According to the World Health Organization (WHO), diabetes kills over 1.6 people each year while high blood glucose level accounts for another 2.2 million deaths annually. Without treatment, diabetes can have serious health consequences, including kidney problems, eye conditions, heart disease, and stroke.
Currently, a doctor needs to take a blood sample to diagnose diabetes, which generally requires a trip to the clinic. For a wide range of reasons, many people do not have easy access to healthcare, so it is important to find simpler ways of detecting diabetes.
Researchers from the University of California in the US recently decided to investigate an innovative and freely available solution: a common smartphone app. Many fitness apps available on the market already use a technique called a photoplethysmography (PPG) signal to measure heart rate.
When the heart contracts to push blood it generates a pulse of pressure that moves through the body. Peripheral blood vessels swell to accommodate the incoming blood. By placing the smartphone’s flash and camera next to a finger, it is possible to observe the minute changes resulting from this expansion of the blood vessels.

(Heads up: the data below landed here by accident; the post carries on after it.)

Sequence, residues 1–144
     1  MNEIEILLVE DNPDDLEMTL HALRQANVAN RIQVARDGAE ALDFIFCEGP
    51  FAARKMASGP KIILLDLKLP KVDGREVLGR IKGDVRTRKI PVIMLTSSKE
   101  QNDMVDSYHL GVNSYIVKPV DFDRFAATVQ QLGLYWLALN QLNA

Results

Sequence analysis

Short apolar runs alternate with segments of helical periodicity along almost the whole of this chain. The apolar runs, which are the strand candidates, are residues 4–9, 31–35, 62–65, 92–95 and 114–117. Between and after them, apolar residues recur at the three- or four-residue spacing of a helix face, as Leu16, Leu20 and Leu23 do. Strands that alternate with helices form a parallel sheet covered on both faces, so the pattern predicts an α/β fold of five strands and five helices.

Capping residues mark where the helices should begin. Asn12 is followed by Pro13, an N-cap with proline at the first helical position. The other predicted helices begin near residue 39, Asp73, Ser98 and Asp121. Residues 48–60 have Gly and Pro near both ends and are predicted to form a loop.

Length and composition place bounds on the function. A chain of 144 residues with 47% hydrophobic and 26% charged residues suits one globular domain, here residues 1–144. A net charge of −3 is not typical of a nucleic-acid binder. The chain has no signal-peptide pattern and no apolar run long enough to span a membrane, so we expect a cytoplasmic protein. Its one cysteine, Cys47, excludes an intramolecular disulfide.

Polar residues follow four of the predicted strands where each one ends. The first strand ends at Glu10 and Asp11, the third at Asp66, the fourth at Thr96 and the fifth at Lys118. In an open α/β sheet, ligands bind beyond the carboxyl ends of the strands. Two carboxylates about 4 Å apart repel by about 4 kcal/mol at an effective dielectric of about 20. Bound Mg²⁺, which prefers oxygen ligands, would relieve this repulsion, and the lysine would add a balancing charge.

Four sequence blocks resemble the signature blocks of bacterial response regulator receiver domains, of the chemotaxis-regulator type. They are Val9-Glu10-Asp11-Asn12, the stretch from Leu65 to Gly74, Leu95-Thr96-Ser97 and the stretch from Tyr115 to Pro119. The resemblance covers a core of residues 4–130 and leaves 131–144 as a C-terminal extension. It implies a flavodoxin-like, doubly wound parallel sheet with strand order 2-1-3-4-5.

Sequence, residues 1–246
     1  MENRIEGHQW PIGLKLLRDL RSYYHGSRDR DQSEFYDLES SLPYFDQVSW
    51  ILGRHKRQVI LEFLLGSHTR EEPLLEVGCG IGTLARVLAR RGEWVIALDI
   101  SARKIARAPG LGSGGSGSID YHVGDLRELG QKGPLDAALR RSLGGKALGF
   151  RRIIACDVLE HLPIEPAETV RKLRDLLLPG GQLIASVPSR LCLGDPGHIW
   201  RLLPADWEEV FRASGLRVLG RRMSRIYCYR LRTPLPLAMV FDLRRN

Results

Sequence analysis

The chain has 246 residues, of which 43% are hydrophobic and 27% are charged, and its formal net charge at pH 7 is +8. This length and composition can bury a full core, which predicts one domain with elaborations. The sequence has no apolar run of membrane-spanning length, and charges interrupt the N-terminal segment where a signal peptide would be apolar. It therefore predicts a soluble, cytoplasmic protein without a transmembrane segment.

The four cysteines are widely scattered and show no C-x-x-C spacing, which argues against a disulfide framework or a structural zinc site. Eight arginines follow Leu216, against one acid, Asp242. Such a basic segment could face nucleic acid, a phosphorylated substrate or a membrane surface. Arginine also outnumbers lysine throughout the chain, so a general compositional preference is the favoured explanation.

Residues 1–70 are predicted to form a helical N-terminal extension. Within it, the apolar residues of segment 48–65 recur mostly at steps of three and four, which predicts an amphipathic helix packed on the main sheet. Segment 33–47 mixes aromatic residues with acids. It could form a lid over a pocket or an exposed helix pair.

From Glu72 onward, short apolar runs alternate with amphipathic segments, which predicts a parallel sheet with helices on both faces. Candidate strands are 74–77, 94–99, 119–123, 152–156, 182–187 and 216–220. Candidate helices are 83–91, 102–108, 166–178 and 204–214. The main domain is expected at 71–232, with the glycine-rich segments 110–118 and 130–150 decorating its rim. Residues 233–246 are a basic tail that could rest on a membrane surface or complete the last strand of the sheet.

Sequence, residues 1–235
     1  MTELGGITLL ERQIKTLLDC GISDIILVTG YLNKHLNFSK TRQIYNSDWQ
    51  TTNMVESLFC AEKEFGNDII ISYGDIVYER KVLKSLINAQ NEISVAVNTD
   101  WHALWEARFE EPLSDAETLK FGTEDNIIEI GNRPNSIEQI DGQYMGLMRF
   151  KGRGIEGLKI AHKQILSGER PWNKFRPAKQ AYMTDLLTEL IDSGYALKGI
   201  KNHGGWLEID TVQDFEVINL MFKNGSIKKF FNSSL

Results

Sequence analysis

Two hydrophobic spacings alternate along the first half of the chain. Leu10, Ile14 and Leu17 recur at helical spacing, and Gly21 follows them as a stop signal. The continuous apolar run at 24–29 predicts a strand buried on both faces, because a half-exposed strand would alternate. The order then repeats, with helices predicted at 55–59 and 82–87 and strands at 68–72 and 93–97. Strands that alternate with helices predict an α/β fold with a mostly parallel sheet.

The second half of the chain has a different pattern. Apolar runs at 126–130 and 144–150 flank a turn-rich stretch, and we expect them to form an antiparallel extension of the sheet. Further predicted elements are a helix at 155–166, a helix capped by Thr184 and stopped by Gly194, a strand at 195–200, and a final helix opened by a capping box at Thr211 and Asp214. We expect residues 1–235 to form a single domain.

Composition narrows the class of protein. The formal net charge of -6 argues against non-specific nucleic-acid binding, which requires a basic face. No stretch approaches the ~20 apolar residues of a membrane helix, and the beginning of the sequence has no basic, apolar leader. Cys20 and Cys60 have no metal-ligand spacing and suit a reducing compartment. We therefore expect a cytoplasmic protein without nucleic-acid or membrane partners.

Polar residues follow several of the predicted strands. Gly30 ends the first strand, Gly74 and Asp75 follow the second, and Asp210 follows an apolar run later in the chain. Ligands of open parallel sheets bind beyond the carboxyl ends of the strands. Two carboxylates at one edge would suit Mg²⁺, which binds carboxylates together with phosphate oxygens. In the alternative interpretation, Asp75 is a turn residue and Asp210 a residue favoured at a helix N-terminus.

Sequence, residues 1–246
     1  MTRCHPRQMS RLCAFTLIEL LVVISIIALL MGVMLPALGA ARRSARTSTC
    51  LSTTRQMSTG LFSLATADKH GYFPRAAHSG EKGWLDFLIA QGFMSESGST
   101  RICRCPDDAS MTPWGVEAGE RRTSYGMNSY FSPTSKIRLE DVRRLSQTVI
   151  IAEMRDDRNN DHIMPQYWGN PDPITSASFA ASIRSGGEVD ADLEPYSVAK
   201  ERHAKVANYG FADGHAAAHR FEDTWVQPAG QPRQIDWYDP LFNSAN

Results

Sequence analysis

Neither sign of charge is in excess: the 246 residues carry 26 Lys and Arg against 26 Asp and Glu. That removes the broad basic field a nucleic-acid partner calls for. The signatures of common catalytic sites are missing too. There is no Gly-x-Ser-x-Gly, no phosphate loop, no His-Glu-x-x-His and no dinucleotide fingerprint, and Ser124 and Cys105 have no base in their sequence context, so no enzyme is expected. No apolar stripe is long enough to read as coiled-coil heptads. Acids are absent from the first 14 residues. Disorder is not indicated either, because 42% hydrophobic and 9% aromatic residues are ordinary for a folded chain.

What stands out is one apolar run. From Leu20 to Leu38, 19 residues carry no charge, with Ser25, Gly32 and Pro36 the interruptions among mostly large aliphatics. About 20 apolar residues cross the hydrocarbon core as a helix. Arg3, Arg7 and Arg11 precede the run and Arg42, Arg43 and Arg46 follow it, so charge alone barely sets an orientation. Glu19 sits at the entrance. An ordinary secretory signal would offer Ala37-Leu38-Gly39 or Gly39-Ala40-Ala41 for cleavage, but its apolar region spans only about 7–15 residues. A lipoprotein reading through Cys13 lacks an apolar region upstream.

With every contraction of the heart, the skin reflects an increasing amount of light. The smartphone’s camera can detect this change, and from this data, it is possible to extract information about blood flow.
To investigate how smartphone technology performed as a diagnostic tool, the researchers recruited 54,269 participants and used a popular smartphone app named Azumio Instant Heart Rate to measure heart-rates.
The scientists created a deep learning algorithm that used the app’s PPG signal to ascertain who had diabetes. When they pitted the algorithm against the database, the researchers found that it could correctly identify individuals with diabetes 72 percent of the time.
When they also incorporated information about other known risk factors, such as body mass index (BMI), age, and sex, the algorithm identified diabetes an impressive 81 percent of the time. Importantly, their algorithm also worked the other way around — it correctly identified people as not having diabetes 97 percent of the time.
The researchers said their findings could become a low-cost way to screen for diabetes at home, “because it can be derived from any optical system that has a camera and a flashlight, and most people have a smartphone. The researchers warned that the technology should not replace an official diagnosis by a doctor, but data from the tech could encourage someone to visit their doctor.